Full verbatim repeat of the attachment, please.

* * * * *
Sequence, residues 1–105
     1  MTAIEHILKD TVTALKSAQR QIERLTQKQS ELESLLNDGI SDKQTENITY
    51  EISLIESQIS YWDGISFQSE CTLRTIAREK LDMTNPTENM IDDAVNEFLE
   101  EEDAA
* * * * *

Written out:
Sequence, residues 1–105
     1  MTAIEHILKD TVTALKSAQR QIERLTQKQS ELESLLNDGI SDKQTENITY
    51  EISLIESQIS YWDGISFQSE CTLRTIAREK LDMTNPTENM IDDAVNEFLE
   101  EEDAA